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HTC will still make smartphones despite Google’s US$1.1 billion “buyout”

It was a nail-biting time for HTC fans as news broke yesterday that the company had suspended the trading of their shares pending a major announcement. Many speculated that this was the long rumoured “Google buyout” of HTC’s smartphone business which would lead to the company never making a new smartphone again.

Today, the deal has been finalised and while Google is going to spend USD1.1 billion on HTC, it’s not quite the buyout people had speculated.

Google SVP of Hardware Rick Osterloh said, in a blog post, that they had “signed an agreement with HTC” where “a team of HTC talent will join Google as part of the hardware organisation”. In other words, Google is buying the best and brightest from HTC’s smartphone business to work on their own hardware products. Rick also writes that the deal will include a non-exclusive license for HTC’s intellectual property. This arrangement is expected to be completed early next year.

So, while it’s not a complete buyout, Google is purchasing what looks like a significant chunk of HTC’s smartphone business which seems to hint at the fact that HTC won’t be making phones anymore. But, as The Verge reports, HTC’s CEO Cher Wang says that they will “continue onward with its own smartphone business” despite losing a big portion of their talent.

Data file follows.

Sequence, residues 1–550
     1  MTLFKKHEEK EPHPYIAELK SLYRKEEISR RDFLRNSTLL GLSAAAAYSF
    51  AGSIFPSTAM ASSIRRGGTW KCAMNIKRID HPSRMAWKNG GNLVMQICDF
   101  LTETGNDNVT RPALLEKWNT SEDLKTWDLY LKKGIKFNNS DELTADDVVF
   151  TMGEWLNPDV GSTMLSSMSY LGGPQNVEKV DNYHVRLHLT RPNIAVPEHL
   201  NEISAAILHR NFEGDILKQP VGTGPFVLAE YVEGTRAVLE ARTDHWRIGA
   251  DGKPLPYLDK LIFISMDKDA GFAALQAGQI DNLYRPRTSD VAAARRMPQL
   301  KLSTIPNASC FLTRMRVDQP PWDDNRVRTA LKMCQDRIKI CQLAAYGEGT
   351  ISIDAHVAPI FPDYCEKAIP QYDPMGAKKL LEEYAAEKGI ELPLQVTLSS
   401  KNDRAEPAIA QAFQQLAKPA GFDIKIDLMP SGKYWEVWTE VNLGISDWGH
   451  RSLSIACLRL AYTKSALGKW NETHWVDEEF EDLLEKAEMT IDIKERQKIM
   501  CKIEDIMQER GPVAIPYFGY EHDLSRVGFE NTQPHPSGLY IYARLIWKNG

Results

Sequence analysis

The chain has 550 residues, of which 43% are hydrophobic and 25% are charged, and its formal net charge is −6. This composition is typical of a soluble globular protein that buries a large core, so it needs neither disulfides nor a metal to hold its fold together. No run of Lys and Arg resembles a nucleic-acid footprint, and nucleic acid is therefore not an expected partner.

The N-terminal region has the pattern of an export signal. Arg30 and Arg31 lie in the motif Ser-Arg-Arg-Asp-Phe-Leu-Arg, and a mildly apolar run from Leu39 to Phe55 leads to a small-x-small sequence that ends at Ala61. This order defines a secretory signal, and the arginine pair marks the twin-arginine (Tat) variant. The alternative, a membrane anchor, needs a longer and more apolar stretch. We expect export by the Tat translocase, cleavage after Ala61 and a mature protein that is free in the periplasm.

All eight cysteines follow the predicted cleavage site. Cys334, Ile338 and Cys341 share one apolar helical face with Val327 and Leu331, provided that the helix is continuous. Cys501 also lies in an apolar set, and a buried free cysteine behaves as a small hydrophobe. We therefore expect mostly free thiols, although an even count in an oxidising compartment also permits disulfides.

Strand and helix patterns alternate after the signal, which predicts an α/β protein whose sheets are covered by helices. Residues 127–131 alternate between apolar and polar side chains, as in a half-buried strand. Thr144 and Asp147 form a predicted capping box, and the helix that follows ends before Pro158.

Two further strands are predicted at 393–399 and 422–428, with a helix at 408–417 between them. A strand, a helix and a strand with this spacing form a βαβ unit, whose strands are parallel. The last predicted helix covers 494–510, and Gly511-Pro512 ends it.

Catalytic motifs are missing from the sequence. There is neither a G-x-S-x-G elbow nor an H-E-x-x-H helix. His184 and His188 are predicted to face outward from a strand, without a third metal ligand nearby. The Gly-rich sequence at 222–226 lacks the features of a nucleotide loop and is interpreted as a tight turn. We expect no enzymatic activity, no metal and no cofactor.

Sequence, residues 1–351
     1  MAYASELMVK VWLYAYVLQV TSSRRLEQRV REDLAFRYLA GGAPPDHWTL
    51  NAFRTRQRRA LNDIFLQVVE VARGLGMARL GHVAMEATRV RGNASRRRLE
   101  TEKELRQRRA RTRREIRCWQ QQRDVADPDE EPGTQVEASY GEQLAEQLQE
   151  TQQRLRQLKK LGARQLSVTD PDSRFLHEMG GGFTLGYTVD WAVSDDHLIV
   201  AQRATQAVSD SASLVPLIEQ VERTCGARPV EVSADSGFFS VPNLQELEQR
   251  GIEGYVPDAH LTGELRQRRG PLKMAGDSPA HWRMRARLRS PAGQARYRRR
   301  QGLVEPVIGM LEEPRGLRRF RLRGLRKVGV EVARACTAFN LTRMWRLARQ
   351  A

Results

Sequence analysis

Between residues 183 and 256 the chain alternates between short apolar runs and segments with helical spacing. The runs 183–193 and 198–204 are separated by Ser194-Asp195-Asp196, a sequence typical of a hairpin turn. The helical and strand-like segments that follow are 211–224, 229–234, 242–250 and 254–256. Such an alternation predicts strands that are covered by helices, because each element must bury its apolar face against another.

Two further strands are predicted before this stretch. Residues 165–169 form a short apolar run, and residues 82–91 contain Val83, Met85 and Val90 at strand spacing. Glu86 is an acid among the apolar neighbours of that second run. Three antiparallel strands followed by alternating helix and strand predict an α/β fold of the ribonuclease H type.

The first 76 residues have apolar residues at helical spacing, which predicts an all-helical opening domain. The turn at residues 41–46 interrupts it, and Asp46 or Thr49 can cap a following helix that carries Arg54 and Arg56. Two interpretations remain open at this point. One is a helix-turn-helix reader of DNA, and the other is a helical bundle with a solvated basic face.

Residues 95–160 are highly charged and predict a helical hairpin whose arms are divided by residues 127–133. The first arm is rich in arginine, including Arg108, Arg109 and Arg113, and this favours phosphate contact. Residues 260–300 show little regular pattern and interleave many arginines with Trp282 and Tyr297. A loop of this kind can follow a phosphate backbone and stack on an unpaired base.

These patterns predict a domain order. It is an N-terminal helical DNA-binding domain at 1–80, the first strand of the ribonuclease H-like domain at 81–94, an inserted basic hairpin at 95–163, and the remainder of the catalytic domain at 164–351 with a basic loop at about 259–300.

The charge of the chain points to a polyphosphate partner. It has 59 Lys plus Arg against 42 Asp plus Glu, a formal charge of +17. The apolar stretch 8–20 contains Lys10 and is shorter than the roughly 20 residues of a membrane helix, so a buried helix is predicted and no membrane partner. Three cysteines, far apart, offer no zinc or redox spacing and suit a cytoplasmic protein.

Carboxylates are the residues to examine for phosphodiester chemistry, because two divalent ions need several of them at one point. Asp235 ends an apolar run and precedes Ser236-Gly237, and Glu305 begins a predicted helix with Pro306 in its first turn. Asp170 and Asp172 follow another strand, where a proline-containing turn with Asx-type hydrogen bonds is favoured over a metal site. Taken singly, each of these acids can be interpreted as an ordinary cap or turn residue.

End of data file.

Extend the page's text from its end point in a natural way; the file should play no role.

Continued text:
Verge also reports that HTC is already actively preparing for its next flagship smartphone, which means HTC-branded handsets are here to stay, at least for the time being.

Will they be any good? We can’t say for sure.

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While the HTC U11 was definitely a good device, the company has had plenty of misses in the past. Stuff like the HTC One M8 and HTC U Ultra, for example, didn’t go down well with the public. The company was once the fourth largest smartphone maker with a market share of 9% but today that figure is now less than 1%.

Still, it’s hard to deny the innovations HTC has brought to the Android smartphone world, especially with their big hits. They launched the first Android smartphone ever — the HTC Dream — and also worked with Google on the first Nexus smartphone the Nexus One. More recently the company showed the world how to make a proper all-metal smartphone with the HTC One M7 and pioneered the concept of front-facing smartphone speakers with their excellent BoomSound technology.

Of their last three flagship releases (HTC 10, HTC U Ultra, HTC U11) two of them have been received very well. But, despite these solid flagship smartphone offerings, HTC just hasn’t been able to reclaim the market share they lost to the likes of Samsung and even Chinese smartphone makers like Huawei.

It’s been a tough time for the Taiwanese company and we’re not sure what the future holds for them. The good news is that they will still be making smartphones but the question that looms overhead will always read: Will they be as good?

I don’t know. I guess only time will tell.

What do you guys think of this deal? Let me know in the comments below. Also, tell me what your first HTC device was. Mine was the HTC Desire and I loved it to bits…literally.

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[SOURCE, 2]